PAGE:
I have these side by side because it's better than vertically aligning them in terms of easy comparisons, for my eyes at least, hope yours too, but you'll have to tap/click and zoom in. They are the shot maps for the Oilers with Yamamoto and without McDavid as a standalone, then relative to the team average, then relative then relative to the league average. The rels betray the raw a bit in regards to the centre-slot, but we can easily see a cooling-effect in net-front action. The other effect is an imbalance of shots from the left face-off circle area as opposed to the right. This is a good point of interest for our video reviews: Was Yamamoto trying to shoot from the right, but getting the puck or his body blocked? Or was he over on the left side getting the opposite side one-timer angles? Or, was he passing up opportunities to shoot because he could pass it to the opposite side for a better shot? Remember these are the Oilers shots, not Yamamoto's alone. Was he shooting from higher up at the right circle because he was getting closed on and shied away from contact?

Which brings us to the piping-hot point area. Were the Oilers resigning themselves to point shots because they were getting muscled out of the cycle game? Or were they coached to take more point shots, and this had an effect on the lack of shots down low?

There's a lot to ponder here, and to reflect upon once we start getting to the video reviews.

What I also wanted to get a visual on, was the effect not of McDavid on Yamamoto, but Yamamoto on McDavid:

We haven't talked defense much yet in the data portion of this post, but I included the defensive end for these maps to pivot that direction.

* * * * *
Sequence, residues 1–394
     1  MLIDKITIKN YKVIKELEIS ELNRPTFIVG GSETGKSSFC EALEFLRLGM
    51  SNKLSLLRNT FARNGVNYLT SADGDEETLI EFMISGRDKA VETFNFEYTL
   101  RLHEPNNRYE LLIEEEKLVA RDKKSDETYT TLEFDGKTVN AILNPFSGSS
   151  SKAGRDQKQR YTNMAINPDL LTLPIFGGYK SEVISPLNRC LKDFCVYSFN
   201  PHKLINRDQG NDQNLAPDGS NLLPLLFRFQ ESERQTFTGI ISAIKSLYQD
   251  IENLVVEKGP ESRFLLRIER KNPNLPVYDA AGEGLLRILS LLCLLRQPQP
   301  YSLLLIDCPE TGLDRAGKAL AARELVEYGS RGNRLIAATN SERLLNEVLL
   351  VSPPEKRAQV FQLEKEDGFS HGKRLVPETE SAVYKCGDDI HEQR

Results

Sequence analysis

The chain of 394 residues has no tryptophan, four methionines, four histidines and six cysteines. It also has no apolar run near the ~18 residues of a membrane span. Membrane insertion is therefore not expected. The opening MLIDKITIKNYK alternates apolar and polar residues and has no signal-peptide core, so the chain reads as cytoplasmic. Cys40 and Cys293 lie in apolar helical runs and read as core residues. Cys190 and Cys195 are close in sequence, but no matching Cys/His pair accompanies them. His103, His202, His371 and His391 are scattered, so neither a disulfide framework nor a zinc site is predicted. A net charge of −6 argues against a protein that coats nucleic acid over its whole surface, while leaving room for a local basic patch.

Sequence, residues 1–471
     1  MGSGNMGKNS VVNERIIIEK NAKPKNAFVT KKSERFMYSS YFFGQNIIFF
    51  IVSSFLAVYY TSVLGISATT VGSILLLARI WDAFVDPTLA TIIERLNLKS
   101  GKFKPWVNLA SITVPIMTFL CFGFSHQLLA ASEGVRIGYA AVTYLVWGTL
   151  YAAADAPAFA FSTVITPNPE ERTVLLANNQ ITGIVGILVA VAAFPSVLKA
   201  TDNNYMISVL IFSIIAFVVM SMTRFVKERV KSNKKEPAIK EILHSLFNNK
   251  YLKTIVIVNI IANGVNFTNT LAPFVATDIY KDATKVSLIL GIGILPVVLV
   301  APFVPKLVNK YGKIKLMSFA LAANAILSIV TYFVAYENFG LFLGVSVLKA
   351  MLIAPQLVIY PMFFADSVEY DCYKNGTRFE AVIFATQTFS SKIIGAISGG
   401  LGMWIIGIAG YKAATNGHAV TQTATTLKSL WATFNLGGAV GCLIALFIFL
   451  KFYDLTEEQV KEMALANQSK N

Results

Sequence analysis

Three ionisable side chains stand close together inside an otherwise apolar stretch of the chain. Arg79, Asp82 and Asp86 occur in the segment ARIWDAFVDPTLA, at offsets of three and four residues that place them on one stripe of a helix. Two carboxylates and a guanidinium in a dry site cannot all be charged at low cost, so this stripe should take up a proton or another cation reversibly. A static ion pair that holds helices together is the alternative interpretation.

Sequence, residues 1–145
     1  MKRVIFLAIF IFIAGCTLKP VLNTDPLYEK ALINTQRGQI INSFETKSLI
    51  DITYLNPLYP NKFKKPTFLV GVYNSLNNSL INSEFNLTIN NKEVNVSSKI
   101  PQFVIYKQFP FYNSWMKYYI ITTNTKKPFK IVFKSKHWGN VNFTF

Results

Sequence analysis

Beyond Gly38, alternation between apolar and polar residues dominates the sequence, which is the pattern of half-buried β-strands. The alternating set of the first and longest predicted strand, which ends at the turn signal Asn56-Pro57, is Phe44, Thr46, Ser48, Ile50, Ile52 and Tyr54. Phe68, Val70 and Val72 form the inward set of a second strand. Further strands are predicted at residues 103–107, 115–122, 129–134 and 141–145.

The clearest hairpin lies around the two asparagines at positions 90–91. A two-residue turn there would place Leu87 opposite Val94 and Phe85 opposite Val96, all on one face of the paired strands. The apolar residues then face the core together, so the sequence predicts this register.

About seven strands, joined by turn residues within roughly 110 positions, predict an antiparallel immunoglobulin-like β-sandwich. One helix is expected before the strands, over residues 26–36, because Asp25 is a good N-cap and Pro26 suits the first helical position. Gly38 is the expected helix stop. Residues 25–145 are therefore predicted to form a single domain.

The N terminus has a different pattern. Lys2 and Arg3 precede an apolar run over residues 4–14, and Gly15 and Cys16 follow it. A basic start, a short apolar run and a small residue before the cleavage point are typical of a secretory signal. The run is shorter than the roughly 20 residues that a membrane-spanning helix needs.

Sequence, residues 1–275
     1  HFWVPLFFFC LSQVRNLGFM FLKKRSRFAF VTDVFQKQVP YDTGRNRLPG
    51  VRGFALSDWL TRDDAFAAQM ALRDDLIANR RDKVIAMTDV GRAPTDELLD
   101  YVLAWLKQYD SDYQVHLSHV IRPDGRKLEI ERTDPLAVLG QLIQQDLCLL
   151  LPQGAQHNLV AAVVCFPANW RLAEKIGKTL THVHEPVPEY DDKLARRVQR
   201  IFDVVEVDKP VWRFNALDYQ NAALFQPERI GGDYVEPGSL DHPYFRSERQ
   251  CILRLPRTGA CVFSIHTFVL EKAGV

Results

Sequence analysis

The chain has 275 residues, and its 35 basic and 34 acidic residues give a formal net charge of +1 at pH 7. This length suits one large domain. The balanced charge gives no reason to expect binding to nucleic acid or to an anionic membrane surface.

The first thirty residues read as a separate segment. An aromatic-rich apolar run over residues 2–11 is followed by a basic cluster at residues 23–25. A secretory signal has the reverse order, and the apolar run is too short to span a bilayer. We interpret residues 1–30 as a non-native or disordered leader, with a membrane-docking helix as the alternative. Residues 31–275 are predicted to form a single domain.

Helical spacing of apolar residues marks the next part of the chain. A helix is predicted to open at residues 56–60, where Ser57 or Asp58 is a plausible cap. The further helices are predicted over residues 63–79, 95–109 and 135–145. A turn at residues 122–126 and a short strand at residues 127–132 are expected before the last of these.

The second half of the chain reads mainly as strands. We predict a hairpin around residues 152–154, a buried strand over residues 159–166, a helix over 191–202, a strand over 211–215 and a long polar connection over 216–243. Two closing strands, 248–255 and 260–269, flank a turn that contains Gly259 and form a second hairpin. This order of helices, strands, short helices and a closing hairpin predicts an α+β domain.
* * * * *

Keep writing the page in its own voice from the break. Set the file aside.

You'll see additional evidence to this assertation in a bit, but, what I'll say now is that there's nothing in the data to suggest that Kailer was a drag defensively. This - and the offensive end as well - is obviously affected by the size of the sample as well as the timing of it. In the early stages of the 2017-18 NHL season, the Oilers were a dominant possession team, no matter who was on the ice.

     Score and Venue adjusted %
               Rank in NHL
      Shot attempts for %
     Unblocked shots for %
     Scoring Chances for %
 High Danger Chances for %

(The Edmonton Oilers, Game 1-12 2017-18, via

 So, when examining players' numbers who only participated in these early contests and contrasting them with players who played the full season, you absolutely must take this effect into account. Of course, these players contributed to this early success and full season's players contributed to the regression, but we can easily see from the uniformity of the effect across the roster that these are the more results of the group, than any individual's overriding influence.

  • Darnell Nurse first 12 games at 60+% all metrics, ~50% final 72 games
  • Connor McDavid first 12 games 58+% all metrics, ~51% final 72 games
  • Leon Draisaitl first 12 games 54+% all metrics, ~51% final 72 games
  • Ryan Nugent-Hopkins first 12 games 53+% all metrics, ~49% final 72 games
  • Adam Larsson first 12 games 54+% all metrics, ~50% final 72 games

You get the idea. Players like Jussi Jokinen, Brad Malone, Eric Gryba and our subject Kailer Yamamoto all have sterling possession numbers, it's important to understand the environment they were in.